-       among the couples who separate or live separately the married couples experiment quite more frequently with transitional phases which lead them to living together again after reconciliation, or to starting to live together again after having lived separately.

In addition to that our results suggest that marriage stabilises the union of those who live together. Those who lived together and end up in marriage less frequently break up compared with those who live together and do not marry, they have higher rates of reconciliation and renewal of living together.

Our analyses on the role of cohabitation before marriage reveal that it is only associated with a higher frequency of separations. We have not found a difference between marriages preceded by cohabitation and the others in what concerns frequency of reconciliation, separate residences and/or renewal of the relationship after an experience of separate residences.

The complexity and the paradox of those results indicate the necessity of further analyses in order to examine in which respects the behaviour of married people is different with regard to their commitment in the marriage, to their patterns of relationship, successive separations, reconciliation and new marriages, if  cohabitation before the marriage happened or not.” [1]

 3.      Love and project

Nowadays in contemporary society it seems impossible to ascribe “reasons” to emotional and sentimental choices. It is as if in our culture construing, living, realizing projects of a relationship with another person, maintaining an emotional and sexual relationship could only be connected with emotions, could only be an instinctive or at best sentimental, affective event. There we pay the consequences of a “romantic” representation of life which favours the truth of feelings in comparison with the truth of relationships, the power of the free and ephemeral sentiment of the moment in comparison with lasting responsibility. The trap may also be found in a reductionist and Enlightened definition of reason, according to which reason is only capable of accepting, of “understanding” what it can successfully explain within its mechanism; but that has also determined a total separation between the profoundest roots of the life of the person and reason itself. That is like an incapacity of passing a cultural judgement on affections and on sentiments; these two spheres do not succeed in getting together in the person, for what you explain reasonably, is rational, while in a final analysis all the rest is instinct, is “affective liberty”. That is to say that you would have to live “in eternal love”, the only condition of the truth of sentiments.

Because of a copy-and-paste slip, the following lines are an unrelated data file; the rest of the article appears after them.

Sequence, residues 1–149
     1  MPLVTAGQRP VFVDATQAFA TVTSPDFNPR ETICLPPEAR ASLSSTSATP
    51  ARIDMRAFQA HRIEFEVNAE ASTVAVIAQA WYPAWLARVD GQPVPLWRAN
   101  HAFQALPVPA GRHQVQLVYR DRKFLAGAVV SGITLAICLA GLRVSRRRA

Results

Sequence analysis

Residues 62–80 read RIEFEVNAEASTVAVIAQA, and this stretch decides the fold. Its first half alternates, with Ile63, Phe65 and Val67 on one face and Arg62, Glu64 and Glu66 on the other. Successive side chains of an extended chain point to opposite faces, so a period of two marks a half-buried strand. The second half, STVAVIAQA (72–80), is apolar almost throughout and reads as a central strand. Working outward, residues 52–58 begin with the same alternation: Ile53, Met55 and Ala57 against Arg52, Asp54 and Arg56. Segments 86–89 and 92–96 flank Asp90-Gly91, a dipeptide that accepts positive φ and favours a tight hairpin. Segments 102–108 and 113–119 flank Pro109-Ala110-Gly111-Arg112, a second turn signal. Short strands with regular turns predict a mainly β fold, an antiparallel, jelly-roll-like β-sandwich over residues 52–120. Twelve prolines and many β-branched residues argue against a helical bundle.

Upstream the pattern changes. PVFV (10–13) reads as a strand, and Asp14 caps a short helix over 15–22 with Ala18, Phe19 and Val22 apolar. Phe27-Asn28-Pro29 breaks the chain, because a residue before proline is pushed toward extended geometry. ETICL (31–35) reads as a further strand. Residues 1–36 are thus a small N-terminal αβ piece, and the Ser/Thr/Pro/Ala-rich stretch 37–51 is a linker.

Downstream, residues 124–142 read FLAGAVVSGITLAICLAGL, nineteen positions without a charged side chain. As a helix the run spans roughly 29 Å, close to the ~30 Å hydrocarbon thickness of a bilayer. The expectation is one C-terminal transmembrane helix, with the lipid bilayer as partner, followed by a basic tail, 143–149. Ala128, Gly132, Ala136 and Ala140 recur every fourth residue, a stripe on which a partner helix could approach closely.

But it is only from the alliance between passion and reason that a real “project of life” can rise. Frailty and wane of reason weaken the project, flatten everything down to the present, for thus what you feel today is the criterion for what you do now, but that cannot be the criterion for planning the tomorrow, because if you don’t feel that sentiment any more tomorrow, the only criterion that you had changes and so you will decide differently. It is as if, relying completely on instinct and emotionality, the person lived in an infinite present, divested of a possible or imaginable future, where each moment defines itself, and that prevents the project.

The project of love is thus inevitably the expression of a will, a reason and not only of an instinct, and therefore it demands reason and passion together as a condition for creating a life together. It’s a weak contract which is established between two persons who tell each other: “We will stay together as long as we feel good.” That is a contract one can make, it isn’t impossible or unjust by definition, but that is not a project of a life together. In addition to that it is not what a person really desires when he/she encounters somebody with whom he/she wants to share his/her whole life.

That subtle, but decisive distinction between the fact of falling in love and love itself tries to create a dialogue between passion and reason, words which are often opposed in contemporary culture. And it’s also because of that missing alliance that the projects of being a couple and a family lose their social and public importance by qualifying themselves as a “private act”. On the contrary to what the various media tell us nowadays, love and sexuality live on reason, not only passion. That is what makes it possible to construe a public responsibility of “founding a family”, too.